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I am fairly new to Perl so hopefully this has a quick solution.

I have been trying to combine two files based on a key. The problem is there are multiple values instead of the one it is returning. Is there a way to loop through the hash to get the 1-10 more values it could be getting?

Example:

File Input 1:

12345|AA|BB|CC
23456|DD|EE|FF

File Input2:

12345|A|B|C
12345|D|E|F
12345|G|H|I
23456|J|K|L
23456|M|N|O
32342|P|Q|R

The reason I put those last one in is because the second file has a lot of values I don’t want but file 1 I want all values. The result I want is something like this:

WANTED OUTPUT:

12345|AA|BB|CC|A|B|C
12345|AA|BB|CC|D|E|F
12345|AA|BB|CC|G|H|I
23456|DD|EE|FF|J|K|L
23456|DD|EE|FF|M|N|O

Attached is the code I am currently using. It gives an output like so:

OUTPUT I AM GETTING:

12345|AA|BB|CC|A|B|C
23456|DD|EE|FF|J|K|L

My code so far:

#use strict; 
#use warnings; 

open file1, "<FILE1.txt"; 
open file2, "<FILE2.txt"; 

while(<file2>){

    my($line) = $_; 
    chomp $line; 
    my($key, $value1, $value2, $value3) = $line =~ /(.+)\|(.+)\|(.+)\|(.+)/; 
    $value4 = "$value1|$value2|$value3"; 
    $file2Hash{$key} = $value4; 
} 

while(<file1>){ 

    my ($line) = $_; 
    chomp $line; 
    my($key, $value1, $value2, $value3) = $line =~/(.+)\|(.+)\|(.+)\|(.+)/; 

    if (exists $file2Hash{$key}) {

        print $line."|".$file2Hash{$key}."\n";
    } 
    else {
        print $line."\n";
    } 
} 

Thank you for any help you may provide,

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2  
It looks like you came up with exactly the right idea, except you need to process file1 and file2 in the opposite order! –  hobbs Sep 11 '12 at 21:08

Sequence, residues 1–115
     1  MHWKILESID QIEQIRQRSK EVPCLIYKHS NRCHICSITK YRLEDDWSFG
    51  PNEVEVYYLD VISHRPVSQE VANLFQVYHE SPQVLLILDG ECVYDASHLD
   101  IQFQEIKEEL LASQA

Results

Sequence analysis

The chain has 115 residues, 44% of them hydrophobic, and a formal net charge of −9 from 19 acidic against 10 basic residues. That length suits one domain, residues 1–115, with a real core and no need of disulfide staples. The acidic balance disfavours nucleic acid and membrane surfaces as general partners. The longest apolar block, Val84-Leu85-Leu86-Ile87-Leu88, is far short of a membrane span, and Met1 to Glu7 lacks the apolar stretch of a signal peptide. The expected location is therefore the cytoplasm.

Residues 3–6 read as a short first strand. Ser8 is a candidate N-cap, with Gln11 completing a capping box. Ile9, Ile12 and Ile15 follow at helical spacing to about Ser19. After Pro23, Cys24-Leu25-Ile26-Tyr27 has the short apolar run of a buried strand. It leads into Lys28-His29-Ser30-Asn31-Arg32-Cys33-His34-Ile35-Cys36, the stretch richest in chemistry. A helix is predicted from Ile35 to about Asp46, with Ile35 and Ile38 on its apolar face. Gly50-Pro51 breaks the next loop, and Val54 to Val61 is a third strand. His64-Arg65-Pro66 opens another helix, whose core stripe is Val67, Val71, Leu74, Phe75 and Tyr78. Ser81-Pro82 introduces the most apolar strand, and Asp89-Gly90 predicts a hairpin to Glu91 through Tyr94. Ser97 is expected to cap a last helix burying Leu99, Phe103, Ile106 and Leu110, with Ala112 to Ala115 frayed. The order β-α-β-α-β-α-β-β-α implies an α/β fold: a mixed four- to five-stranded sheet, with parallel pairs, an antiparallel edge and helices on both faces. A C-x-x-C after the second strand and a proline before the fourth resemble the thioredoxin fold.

3 Answers 3

up vote 2 down vote accepted

Your overall idea is sound. However in file2, if you encounter a key you have already defined, you overwrite it with a new value. To work around that, we store an array(-ref) inside our hash.

So in your first loop, we do:

push @{$file2Hash{$key}}, $value4; 

The @{...} is just array dereferencing syntax.

In your second loop, we do:

if (exists $file2Hash{$key}){
  foreach my $second_value (@{$file2Hash{$key}}) {
    print "$line|$second_value\n";
  }
} else {
  print $line."\n";
}

Beyond that, you might want to declare %file2Hash with my so you can reactivate strict.

share|improve this answer
    
Thank you for the response amon! This worked! I am getting all the values I was not getting before! Thank you! –  user1258104 Sep 11 '12 at 21:48

Keys in a hash must be unique. If keys in file1 are unique, use file1 to create the hash. If keys are not unique in either file, you have to use a more complicated data structure: hash of arrays, i.e. store several values at each unique key.

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I assume that each key in FILE1.txt is unique and that each unique key has at least one corresponding line in FILE2.txt.

Your approach is then quite close to what you need, you should just use FILE1.txt to create the hash from (as already mentioned here).

The following should work:

#!/usr/bin/perl

use strict;
use warnings;

my %file1hash;

open file1, "<", "FILE1.txt" or die "$!\n";
while (<file1>) {
    my ($key, $rest) = split /\|/, $_, 2;
    chomp $rest;
    $file1hash{$key} = $rest;
}
close file1;

open file2, "<", "FILE2.txt" or die "$!\n";
while (<file2>) {
    my ($key, $rest) = split /\|/, $_, 2;
    if (exists $file1hash{$key}) {
        chomp $rest;
        printf "%s|%s|%s\n", $key, $file1hash{$key}, $rest;
    }
}
close file2;

exit 0;
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